4 Sept  Picketing of Oakland Tribune by Ad Hoc Committee to End Discrimination, which recruits support on Berkeley campus


Precursor to the FSM, September 17, 1964 Petition Online Archive of California

Petition given to Dean Towle
Sept. 17, 1964

We are students-American students--who believe in the right and duty to hold, relate, and advocate positions and actions that reflect our desire to promote a continually improving world. The University especially is under a moral obligation to insure that full discussions of the important ideas and issues affecting our society and world continue.

But to discuss is not enough. The democratic process is one of carrying into action the ideas and issues freely aired in free discussion. Free speech means not only freedom to discuss issues in abstract intellectual terms, but means freedom to advocate actions based on such discussion.

The intersection at Bancroft and Telegraph represents the most frequently travelled area near the campus. And because each of us taken seriously this obligation to be informed participants in our society--and not armchair intellectuals--we feel that this location alone guarantees not only our right to speak, but to be heard! It is a valueless right to have free speech if our corresponding rights to reach people with our ideas and to advocate action on them are not protected.

All of us subscribe to Chancellor Strong's statement that "The University is no ivory tower shut away from the world, and from the needs and problems of society." To eliminate the use of Bancroft and Telegraph is to shut this University up in an ivory tower. It is to limit the freedom of ideas which is necessary to produce truly educated citizens of a democratic society.

We believe that the continued use of the Bancroft and Telegraph privileges will cause Chancellor Strong's goals of "exposure to critical questions and search for knowledge" to be furthered.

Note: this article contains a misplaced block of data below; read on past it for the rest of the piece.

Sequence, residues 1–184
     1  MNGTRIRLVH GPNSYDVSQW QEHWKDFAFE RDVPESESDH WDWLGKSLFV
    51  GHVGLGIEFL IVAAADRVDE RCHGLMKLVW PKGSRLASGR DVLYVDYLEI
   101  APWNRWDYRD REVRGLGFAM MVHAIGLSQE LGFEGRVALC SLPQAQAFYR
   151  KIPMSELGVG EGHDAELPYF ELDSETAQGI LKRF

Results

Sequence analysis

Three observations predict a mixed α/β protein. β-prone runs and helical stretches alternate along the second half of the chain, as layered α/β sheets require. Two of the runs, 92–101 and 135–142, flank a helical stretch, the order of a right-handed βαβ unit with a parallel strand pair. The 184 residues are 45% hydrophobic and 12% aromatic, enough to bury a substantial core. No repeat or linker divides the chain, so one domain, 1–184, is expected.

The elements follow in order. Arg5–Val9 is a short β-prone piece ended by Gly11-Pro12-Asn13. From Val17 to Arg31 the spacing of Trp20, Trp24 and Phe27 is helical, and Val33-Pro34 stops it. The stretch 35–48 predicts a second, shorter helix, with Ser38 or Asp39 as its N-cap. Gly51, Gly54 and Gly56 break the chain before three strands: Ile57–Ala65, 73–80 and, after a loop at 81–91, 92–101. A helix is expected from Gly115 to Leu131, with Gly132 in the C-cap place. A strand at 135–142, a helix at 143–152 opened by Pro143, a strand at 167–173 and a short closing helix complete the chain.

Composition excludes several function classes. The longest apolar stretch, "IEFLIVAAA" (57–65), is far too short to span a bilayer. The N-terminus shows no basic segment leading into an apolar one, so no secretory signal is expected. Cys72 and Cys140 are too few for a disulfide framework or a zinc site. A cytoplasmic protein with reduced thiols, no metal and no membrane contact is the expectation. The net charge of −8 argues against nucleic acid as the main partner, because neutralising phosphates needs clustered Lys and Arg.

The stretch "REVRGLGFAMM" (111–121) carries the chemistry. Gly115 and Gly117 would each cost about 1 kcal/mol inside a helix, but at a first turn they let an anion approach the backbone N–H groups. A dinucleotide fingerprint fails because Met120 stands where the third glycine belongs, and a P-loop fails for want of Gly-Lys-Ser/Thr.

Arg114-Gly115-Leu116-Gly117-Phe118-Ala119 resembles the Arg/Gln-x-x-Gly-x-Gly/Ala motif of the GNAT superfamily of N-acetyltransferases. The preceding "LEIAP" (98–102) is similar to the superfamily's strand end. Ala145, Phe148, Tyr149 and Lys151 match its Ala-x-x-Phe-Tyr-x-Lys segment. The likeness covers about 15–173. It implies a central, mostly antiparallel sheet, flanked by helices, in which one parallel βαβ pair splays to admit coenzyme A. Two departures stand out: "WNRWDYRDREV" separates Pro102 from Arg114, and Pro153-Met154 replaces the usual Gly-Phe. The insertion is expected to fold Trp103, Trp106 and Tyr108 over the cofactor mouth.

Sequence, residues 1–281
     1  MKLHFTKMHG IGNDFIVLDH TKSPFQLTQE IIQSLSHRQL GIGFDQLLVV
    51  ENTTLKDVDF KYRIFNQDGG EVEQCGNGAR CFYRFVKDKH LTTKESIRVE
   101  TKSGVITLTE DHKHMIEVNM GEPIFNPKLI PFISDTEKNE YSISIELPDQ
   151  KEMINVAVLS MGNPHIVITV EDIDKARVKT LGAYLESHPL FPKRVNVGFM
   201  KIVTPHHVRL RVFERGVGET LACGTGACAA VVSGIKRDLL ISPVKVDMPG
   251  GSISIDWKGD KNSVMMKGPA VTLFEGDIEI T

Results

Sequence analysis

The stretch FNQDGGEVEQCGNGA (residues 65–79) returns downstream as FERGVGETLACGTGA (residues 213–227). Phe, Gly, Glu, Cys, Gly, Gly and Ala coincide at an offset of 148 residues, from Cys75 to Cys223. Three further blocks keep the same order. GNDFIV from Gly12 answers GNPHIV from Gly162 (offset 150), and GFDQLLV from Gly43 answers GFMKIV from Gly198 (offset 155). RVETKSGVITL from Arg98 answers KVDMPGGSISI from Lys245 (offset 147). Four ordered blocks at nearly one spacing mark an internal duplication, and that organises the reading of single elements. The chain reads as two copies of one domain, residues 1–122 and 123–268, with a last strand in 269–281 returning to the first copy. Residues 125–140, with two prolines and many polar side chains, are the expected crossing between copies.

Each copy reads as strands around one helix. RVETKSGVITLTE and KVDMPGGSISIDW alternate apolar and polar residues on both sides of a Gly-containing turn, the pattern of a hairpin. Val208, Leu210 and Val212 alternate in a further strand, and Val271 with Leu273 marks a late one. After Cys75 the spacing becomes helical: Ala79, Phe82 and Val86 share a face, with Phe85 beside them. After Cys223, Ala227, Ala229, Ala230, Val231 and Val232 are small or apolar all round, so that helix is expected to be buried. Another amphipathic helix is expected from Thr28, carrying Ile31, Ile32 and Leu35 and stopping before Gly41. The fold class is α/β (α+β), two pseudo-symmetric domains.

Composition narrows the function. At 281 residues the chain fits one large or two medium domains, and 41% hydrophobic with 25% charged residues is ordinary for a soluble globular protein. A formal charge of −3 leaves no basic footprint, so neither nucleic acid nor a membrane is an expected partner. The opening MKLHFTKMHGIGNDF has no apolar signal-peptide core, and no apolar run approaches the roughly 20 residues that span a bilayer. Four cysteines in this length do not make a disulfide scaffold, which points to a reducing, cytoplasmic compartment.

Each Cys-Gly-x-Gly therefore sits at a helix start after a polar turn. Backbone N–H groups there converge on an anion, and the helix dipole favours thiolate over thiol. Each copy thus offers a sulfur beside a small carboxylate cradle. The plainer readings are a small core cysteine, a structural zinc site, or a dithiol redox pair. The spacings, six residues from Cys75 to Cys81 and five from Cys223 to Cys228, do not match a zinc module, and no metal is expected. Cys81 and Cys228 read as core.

And, therefore, we respectfully submit for consideration as policy the following:

1. Tables for the student organizations at Bancroft and Telegraph will be named at all times.
2. The organizations shall provide their own tables and chairs; no University property shall be borrowed.
3. There shall be no more than one table in front of each pillar and one at each side of the entrance way. No tables shall be placed in front of the entrance posts.
4. No posters shall be attached to posts of pillars. Posters shall be attached to tables only.
5. We shall take every effort to see that provisions 1-4 are carried out and shall publish such rules and distribute them to the various student organizations.
6. The tables at Bancroft and Telegraph may be used to distribute literature advocating action on current issues with the understanding that the student organizations do not represent the University of California--thus these organizations will not use the name of the University and will disassociate themselves from the University as an institution.
7. Donations may be accepted at the tables.

Slate
Campus Core
University Society of Individualists
Du Bois Club of Berkeley
Young People's Socialist League
University Young Republicans
University Young Democrats
Young Socialist Alliance
Campus Women for Peace
Youth for Goldwater
Student Committee for Travel to Cuba
Student Committee for "No on Prop. 14." (Students for Fair Housing)
University Friends of SNCC
Students for Democratic Society
College Young Republicans
Committee for Independent Political Action
Youth Committee Against Prop. 14
Independent Socialist Club